Three Norfolk men jailed for £1m telecoms fraud
Three men have been jailed for their part in a £1m telecoms fraud, said to be one of the biggest in Britain.
Great Yarmouth-based Business Telecom conned companies, schools and charities out of hundreds of thousands of pounds.
Christopher Boughton-Fox, 48, of Yarmouth Road, Norwich, received seven years and Jonathan Parrish, 42, of The Hills, Reedham five-and-a-half.
Neil Debenham, 28, of Filby, near Great Yarmouth was also jailed for three years at Ipswich Crown Court.
Smooth-talking salesmen from the firm would persuade customers to sign contracts for new telephone systems, the court heard.
Although they were told a cashback scheme meant the phones were free, businesses were in fact signing up for expensive leasing agreements typically costing between £10,000 and £35,000 over seven or more years.
Company chairman Boughton-Fox and sales director Parrish had denied conspiracy to defraud but were convicted by a jury.
Debenham, a senior salesman, had admitted the charge.
Judge Peter Thompson described Boughton-Fox as the "architect of the fraud" and said his sentence reflected the fact that he had never admitted his guilt.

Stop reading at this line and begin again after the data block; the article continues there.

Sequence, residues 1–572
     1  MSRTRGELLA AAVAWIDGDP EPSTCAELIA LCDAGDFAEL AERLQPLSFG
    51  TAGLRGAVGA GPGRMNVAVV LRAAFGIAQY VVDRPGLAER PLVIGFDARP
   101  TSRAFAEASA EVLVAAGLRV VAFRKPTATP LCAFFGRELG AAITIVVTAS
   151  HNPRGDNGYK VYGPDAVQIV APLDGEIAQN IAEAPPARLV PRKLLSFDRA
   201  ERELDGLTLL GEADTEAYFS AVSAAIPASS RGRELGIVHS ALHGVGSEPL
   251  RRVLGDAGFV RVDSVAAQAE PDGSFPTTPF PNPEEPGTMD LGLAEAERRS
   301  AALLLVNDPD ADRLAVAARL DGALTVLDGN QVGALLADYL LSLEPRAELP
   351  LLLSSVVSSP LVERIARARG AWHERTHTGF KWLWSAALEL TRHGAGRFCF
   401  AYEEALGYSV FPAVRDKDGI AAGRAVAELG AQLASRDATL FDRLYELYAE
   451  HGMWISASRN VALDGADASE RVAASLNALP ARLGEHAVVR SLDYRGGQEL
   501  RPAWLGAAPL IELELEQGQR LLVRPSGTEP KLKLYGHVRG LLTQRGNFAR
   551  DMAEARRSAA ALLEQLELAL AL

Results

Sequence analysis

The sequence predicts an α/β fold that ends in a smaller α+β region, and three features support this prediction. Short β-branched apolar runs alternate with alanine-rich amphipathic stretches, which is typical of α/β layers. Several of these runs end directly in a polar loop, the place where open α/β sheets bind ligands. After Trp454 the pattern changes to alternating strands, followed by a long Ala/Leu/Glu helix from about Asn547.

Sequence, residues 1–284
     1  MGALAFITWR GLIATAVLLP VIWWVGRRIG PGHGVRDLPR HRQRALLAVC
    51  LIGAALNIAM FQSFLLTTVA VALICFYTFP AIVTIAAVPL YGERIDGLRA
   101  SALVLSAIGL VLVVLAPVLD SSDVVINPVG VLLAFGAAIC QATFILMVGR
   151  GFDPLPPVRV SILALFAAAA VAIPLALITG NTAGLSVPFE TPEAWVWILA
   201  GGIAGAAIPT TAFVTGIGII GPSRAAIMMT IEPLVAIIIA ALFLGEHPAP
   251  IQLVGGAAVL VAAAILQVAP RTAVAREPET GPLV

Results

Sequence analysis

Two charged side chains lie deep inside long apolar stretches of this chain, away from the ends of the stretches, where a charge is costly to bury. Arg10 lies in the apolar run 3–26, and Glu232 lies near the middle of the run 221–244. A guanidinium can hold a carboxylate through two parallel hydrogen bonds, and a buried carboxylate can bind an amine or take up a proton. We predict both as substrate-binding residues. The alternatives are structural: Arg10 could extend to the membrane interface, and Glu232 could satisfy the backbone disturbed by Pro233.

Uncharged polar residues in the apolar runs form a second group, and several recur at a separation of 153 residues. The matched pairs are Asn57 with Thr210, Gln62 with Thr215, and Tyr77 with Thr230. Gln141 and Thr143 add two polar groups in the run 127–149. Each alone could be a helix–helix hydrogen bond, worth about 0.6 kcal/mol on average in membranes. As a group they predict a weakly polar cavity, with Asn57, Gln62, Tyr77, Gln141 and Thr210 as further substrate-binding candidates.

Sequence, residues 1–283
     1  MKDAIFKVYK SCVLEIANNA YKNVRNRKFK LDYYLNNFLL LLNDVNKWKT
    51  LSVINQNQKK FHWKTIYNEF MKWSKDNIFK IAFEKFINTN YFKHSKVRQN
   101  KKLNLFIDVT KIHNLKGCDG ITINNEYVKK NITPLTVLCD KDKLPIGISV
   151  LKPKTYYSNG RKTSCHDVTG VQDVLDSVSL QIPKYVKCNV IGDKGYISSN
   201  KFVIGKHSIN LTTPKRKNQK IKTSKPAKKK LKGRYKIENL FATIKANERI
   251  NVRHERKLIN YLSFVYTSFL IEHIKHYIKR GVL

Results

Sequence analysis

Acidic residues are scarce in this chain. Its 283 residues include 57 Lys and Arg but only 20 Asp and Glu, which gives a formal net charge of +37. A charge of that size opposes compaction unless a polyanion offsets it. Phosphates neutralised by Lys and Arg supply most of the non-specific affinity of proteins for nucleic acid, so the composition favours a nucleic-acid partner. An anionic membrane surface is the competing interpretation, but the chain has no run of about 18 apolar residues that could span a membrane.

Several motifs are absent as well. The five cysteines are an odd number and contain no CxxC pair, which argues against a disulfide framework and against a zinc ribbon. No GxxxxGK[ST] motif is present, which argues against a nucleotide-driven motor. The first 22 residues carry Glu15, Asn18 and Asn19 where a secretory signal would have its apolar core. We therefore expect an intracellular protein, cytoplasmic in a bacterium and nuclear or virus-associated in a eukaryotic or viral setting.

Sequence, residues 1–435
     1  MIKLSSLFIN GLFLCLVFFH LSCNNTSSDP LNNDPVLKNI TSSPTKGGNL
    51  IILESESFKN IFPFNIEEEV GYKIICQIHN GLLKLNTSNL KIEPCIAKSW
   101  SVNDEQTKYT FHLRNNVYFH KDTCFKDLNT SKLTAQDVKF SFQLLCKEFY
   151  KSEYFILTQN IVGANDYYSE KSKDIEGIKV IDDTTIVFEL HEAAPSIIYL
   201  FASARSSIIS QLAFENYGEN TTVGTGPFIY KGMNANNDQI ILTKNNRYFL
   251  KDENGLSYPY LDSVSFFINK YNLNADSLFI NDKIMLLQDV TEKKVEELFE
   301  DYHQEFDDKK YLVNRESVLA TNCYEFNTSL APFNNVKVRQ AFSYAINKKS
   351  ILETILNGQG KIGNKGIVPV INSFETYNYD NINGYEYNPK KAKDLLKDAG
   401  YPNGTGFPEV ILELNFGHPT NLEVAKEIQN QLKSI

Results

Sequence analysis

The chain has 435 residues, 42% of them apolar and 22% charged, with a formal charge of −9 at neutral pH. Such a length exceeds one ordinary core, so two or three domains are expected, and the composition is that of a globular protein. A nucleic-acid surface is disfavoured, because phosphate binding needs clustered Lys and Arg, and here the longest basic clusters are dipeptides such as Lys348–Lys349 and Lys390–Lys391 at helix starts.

The court heard Parrish had a long history of dishonesty and previous convictions.
The jury at the 10-week trial had been told Business Telecom had grown from a small home-run company to one with a turnover of £4.5m.
Boughton-Fox had an annual salary of £600,000 while Parrish, twice named the company's salesman of the year, could earn up to £40,000 a month.
Norfolk charity Musical Keys, which runs therapy sessions for disabled children, was among the victims of the fraud.
About 40 schools in Norfolk, Suffolk, Essex and Kent, were also conned.
David Collinson, head of public protection at Norfolk County Council, which brought the prosecution, said: "I am pleased with the sentences handed down by the court today, which reflect the serious nature of the fraud that was being carried out in the name of Business Telecom.
"Small to medium-sized businesses and organisations were the prey of these individuals and after being misled about what they were entering into they were left tied into expensive and lengthy lease agreements - leaving some with real financial difficulties."